FIG. 3.

Measurement of membrane PIP2 concentration in individual permeabilized insulin-secreting cells. A: Confocal microscopy images of a MIN6 β-cell expressing PHPLCδ1-GFP before and after α-toxin permeabilization in an “intracellular” medium lacking ATP and after subsequent introduction of 3 mmol/l ATP. Scale bar, 5 μm. B: Evanescent wave microscopy recording of the effect of 3 mmol/l ATP on PHPLCδ1-GFP fluorescence in an individual permeabilized MIN6 β-cell (n = 7). C: Effect of 100 μmol/l phenylarsine oxide (PAO) on the ATP-induced PHPLCδ1-GFP translocation (n = 7). D: Effect of ATP on membrane-targeted GFP in a permeabilized MIN6 β-cell (n = 4).

FIG. 4.

Characterization of ATP-dependent plasma membrane PIP2 synthesis. A: Evanescent wave microscopy recording of the effect of increasing concentrations of ATP on PHPLCδ1-GFP fluorescence in an individual α-toxin permeabilized MIN6 β-cell (n = 6). B: Concentration dependence of the ATP-induced PHPLCδ1-GFP translocation. The data points are fitted to a Hill equation. C: Effect of the PLC inhibitor U73122 on PHPLCδ1-GFP fluorescence (n = 6). D: Effect of 1 and 10 mmol/l Li+ on ATP-stimulated PHPLCδ1-GFP translocation (n = 9).

FIG. 4.

Characterization of ATP-dependent plasma membrane PIP2 synthesis. A: Evanescent wave microscopy recording of the effect of increasing concentrations of ATP on PHPLCδ1-GFP fluorescence in an individual α-toxin permeabilized MIN6 β-cell (n = 6). B: Concentration dependence of the ATP-induced PHPLCδ1-GFP translocation. The data points are fitted to a Hill equation. C: Effect of the PLC inhibitor U73122 on PHPLCδ1-GFP fluorescence (n = 6). D: Effect of 1 and 10 mmol/l Li+ on ATP-stimulated PHPLCδ1-GFP translocation (n = 9).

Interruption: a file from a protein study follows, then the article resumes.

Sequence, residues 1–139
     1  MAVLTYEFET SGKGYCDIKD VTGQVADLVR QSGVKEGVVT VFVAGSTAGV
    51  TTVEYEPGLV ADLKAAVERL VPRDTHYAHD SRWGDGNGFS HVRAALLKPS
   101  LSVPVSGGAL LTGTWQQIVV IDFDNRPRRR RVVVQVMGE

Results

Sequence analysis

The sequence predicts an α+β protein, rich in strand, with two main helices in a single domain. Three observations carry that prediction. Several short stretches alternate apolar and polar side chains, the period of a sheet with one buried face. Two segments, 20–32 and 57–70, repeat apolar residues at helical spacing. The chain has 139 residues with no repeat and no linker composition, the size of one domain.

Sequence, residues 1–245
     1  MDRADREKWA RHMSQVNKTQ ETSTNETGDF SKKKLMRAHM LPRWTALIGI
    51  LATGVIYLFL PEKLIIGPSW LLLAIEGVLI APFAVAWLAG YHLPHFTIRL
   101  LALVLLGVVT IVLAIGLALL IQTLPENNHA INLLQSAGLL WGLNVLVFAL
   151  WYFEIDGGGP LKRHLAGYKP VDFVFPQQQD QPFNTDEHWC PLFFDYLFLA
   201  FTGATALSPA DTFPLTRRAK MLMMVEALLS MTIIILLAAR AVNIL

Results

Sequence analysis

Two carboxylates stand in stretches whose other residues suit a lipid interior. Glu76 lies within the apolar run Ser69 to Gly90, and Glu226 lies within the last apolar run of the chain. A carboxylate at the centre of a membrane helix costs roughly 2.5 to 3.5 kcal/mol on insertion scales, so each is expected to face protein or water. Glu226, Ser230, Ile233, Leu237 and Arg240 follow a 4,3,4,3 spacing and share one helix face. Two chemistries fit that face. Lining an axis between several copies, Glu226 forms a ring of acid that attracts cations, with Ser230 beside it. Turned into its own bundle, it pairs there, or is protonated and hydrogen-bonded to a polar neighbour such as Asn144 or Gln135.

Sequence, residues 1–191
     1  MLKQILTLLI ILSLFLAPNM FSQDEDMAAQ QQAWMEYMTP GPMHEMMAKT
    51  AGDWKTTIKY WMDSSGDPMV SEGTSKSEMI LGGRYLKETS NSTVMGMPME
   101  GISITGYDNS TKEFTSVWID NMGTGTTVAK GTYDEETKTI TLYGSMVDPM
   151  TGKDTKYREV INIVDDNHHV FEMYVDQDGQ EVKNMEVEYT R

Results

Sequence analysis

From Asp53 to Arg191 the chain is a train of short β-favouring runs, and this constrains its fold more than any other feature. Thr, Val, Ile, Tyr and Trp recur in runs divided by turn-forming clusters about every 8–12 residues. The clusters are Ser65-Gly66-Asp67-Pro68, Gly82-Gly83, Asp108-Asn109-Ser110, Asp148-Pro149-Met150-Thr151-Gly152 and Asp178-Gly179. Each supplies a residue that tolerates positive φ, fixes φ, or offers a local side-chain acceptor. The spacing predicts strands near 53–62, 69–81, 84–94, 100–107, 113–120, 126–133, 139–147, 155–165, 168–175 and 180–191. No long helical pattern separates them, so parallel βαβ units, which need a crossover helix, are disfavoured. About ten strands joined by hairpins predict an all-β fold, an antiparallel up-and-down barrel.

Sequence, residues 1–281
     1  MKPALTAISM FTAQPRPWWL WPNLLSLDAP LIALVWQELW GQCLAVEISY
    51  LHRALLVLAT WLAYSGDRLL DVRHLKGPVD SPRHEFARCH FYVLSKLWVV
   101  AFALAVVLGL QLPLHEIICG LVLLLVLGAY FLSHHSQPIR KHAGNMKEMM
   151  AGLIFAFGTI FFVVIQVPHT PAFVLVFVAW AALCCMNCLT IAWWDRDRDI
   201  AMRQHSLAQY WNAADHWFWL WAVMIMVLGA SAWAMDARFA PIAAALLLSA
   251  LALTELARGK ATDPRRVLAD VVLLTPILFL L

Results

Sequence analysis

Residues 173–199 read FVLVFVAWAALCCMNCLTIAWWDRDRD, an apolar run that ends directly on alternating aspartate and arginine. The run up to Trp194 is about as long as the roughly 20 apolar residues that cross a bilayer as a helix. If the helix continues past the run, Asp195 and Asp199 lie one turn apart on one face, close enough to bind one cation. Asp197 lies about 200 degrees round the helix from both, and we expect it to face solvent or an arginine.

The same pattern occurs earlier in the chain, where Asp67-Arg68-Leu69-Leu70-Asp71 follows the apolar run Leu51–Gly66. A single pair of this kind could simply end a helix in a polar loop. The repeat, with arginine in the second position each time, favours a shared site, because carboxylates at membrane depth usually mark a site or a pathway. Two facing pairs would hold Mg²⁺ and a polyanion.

FIG. 5.

Plasma membrane PIP2 concentration is regulated by the intracellular ATP-to-ADP ratio. A: Evanescent wave microscopy recording of the effect of ADP and the adenylate kinase inhibitor diadenosine pentaphosphate (Ap5A) on PHPLCδ1-GFP fluorescence in an individual α-toxin permeabilized MIN6 β-cell (n = 7). B and C: PHPLCδ1-GFP translocation in the presence of different concentrations of ATP and ADPβS. Data are representative of 11 (B) and 9 (C) cells. D and E: Averages ± SE for the effect of ADPβS on PHPLCδ1-GFP fluorescence. *P < 0.02; **P < 0.001 for difference from 100%. F: Dependence of the PHPLCδ1-GFP translocation on the ATP-to-ADPβS ratio. The data points are fitted to a Hill equation. The shaded rectangle represents the physiological range of ratios.

FIG. 5.

Plasma membrane PIP2 concentration is regulated by the intracellular ATP-to-ADP ratio. A: Evanescent wave microscopy recording of the effect of ADP and the adenylate kinase inhibitor diadenosine pentaphosphate (Ap5A) on PHPLCδ1-GFP fluorescence in an individual α-toxin permeabilized MIN6 β-cell (n = 7). B and C: PHPLCδ1-GFP translocation in the presence of different concentrations of ATP and ADPβS. Data are representative of 11 (B) and 9 (C) cells. D and E: Averages ± SE for the effect of ADPβS on PHPLCδ1-GFP fluorescence. *P < 0.02; **P < 0.001 for difference from 100%. F: Dependence of the PHPLCδ1-GFP translocation on the ATP-to-ADPβS ratio. The data points are fitted to a Hill equation. The shaded rectangle represents the physiological range of ratios.

The costs of publication of this article were defrayed in part by the payment of page charges. This article must therefore be hereby marked “advertisement” in accordance with 18 U.S.C. Section 1734 solely to indicate this fact.

This work was supported by grants from Åke Wiberg’s Foundation, the European Foundation for the Study of Diabetes/MSD, the Family Ernfors Foundation, the Harald Jeansson’s and Harald and Greta Jeansson’s Foundations, the Novo Nordisk Foundation, the Swedish Diabetes Association, the Swedish Research Council (32X-14643, 32BI-15333, and 32P-15439), and the Wenner-Gren Foundations.